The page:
Updated November 19, 2023

Best E-commerce Merchant Account

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Looking for an e-commerce merchant account to help expand your business? Read on to see which one could work for you.

It can be hard to choose an e-commerce merchant account provider. You second-guess if you're getting the best processing rates. Then, you wonder if their features can work in the long run.

Not to mention, it's not certain that you'll get approved for an account. So, to lessen the hassle, we've done the research for you. Take your time to explore the options below.

Who are the best e-commerce merchant account providers?
The best e-commerce merchant accounts are offered by:
  1. Square for New Businesses or Startups
  2. PayPal for International Businesses
  3. Stripe for Large and Established Businesses
  4. Stax for High-volume Businesses
  5. eMerchant Broker for High-risk Businesses

5 Best E-commerce Merchant Accounts

Not all merchant accounts are the same. Each provider will have their own edge in terms of features and processing rates.

Let's start with an option for new businesses.

You need a merchant account to take debit and credit card payments from your online store. But technically, you can take these payments even without your own merchant account. That's because Payment Service Providers (PSPs) offer these services, too. We've mixed the best PSPs below.

Square: for New Businesses

It's easy to open an account with Square. There's no underwriting process, so even a new e-commerce business can open an account.

Square even lets you create a free online store. It has Afterpay built-in, so your customers can pay in interest-free installments. But you're paid in full right away.

Plus, your Square account integrates with Square POS. So whether you have a physical store or not, some features you can get include inventory management, customer management, shipping, and in-store pickup.

Rest assured, your Square website will be mobile-friendly. Your customers can easily scroll and shop with their phones.

Pros + Cons:

  • Free plan and app available
  • No underwriting process
  • POS hardware available
  • Live phone support
  • Pricey flat-rate fees
  • Susceptible to account holds or freezes

Plans and Processing Fees:[1]
Square offers a free plan. You'll only have to pay for the processing fees. This makes it budget-friendly for new or small businesses that don't have steady sales. The rates are:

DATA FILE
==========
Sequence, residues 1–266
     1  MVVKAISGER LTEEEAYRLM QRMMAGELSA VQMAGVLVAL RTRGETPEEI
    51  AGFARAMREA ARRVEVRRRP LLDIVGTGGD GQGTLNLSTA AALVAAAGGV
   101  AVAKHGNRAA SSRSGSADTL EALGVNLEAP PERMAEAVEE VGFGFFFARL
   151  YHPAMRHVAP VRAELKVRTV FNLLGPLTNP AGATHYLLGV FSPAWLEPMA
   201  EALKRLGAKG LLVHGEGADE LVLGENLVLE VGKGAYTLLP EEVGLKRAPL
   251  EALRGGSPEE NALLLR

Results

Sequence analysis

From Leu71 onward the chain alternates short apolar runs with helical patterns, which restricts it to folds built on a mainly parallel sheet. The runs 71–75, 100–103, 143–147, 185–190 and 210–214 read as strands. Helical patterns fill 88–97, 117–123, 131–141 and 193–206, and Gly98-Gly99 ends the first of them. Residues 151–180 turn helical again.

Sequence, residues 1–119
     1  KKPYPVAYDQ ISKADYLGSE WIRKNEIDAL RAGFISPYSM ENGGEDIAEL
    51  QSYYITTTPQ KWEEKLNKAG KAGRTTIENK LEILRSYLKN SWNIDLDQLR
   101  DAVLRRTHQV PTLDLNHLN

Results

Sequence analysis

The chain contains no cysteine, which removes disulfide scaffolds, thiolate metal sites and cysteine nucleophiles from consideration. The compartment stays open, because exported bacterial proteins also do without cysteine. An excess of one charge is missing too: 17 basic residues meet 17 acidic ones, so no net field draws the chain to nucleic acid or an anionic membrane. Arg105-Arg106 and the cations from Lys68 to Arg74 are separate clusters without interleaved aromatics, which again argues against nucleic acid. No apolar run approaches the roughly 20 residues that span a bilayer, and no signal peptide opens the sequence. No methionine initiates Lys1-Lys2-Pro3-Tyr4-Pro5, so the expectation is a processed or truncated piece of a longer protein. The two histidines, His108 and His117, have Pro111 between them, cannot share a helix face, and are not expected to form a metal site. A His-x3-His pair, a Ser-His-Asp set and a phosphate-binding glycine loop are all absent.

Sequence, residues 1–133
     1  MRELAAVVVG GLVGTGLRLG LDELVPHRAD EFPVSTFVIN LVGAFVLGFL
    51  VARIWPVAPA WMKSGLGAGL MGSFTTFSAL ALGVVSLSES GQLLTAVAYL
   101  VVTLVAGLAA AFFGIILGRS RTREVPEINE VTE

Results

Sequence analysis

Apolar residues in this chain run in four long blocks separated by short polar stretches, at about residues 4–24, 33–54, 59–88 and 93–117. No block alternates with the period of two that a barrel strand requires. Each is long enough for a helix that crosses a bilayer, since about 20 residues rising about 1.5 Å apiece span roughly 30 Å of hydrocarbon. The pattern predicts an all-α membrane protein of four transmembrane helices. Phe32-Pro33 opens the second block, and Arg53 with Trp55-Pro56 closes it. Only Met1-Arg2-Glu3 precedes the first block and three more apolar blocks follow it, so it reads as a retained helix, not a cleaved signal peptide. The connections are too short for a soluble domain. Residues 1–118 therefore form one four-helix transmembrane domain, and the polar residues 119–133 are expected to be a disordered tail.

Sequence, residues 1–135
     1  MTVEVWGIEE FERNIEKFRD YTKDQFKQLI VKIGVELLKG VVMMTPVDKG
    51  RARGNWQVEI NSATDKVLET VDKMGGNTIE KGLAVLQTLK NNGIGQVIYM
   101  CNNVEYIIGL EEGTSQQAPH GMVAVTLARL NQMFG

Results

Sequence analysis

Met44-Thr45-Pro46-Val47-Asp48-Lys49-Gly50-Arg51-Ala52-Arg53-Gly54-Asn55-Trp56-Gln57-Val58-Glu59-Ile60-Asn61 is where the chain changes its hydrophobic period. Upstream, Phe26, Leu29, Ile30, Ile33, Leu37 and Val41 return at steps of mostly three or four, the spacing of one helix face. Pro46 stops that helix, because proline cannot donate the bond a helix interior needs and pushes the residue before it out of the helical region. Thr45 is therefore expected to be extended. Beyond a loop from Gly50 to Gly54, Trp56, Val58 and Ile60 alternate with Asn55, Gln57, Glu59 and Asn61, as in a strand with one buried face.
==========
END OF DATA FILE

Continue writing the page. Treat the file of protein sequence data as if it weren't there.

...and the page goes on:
Online 2.9% + 30¢
Manual keyed-in 3.5% + 15¢
Invoicing3.3% + 30¢
In-person 2.6% + 10¢
Afterpay6% + 30¢

For more advanced features, you can also upgrade to a Plus plan ($29+/mo). Custom pricing is available for large businesses.[2]

You can use Square's calculator to estimate how much you'll pay for transaction fees. Make sure you're getting a good effective rate.

PayPal: for International Businesses

PayPal is convenient if you have customers from other countries. After all, it's one of the most popular payment services worldwide. It lets you take PayPal, Venmo, credit card, and debit card payments, offering more choices to your customers.

You can also send payment links, QR codes, or invoices.[3] [4] These can make it easier for your customers to pay right away.

When it comes to setting up your website, PayPal works with many e-commerce platforms like Shopify, Big Commerce, and WooCommerce. They also have POS equipment available for your physical store.

You don't need to worry about cash flow with PayPal. You can get your cash within minutes into your PayPal account. But it can take 1-3 days to withdraw the money to your bank account.[5]

Pros + Cons:

  • Free business account
  • Accepts PayPal, Venmo, and Rewards payments
  • Accepts 25 currencies in 202 countries[6]
  • Pricey transaction fees
  • Varying fees can be confusing

Plans and Processing Fees:
Creating a business account with PayPal is free. You'll only need to pay for processing fees:[7]

PayPal & Venmo payments3.49% + $0.49
Online debit/credit card2.59% + $0.49
Online debit/credit card (with chargeback protection)2.99% + $0.49
QR code payments2.29% + $0.09

Do I need a merchant account for e-commerce?
You'll need a merchant account to take online payments from your e-commerce store. Without one, you'll at least have to apply to a payment service provider for a "sub-merchant" account. PayPal, Square, and Stripe are some examples of payment service providers.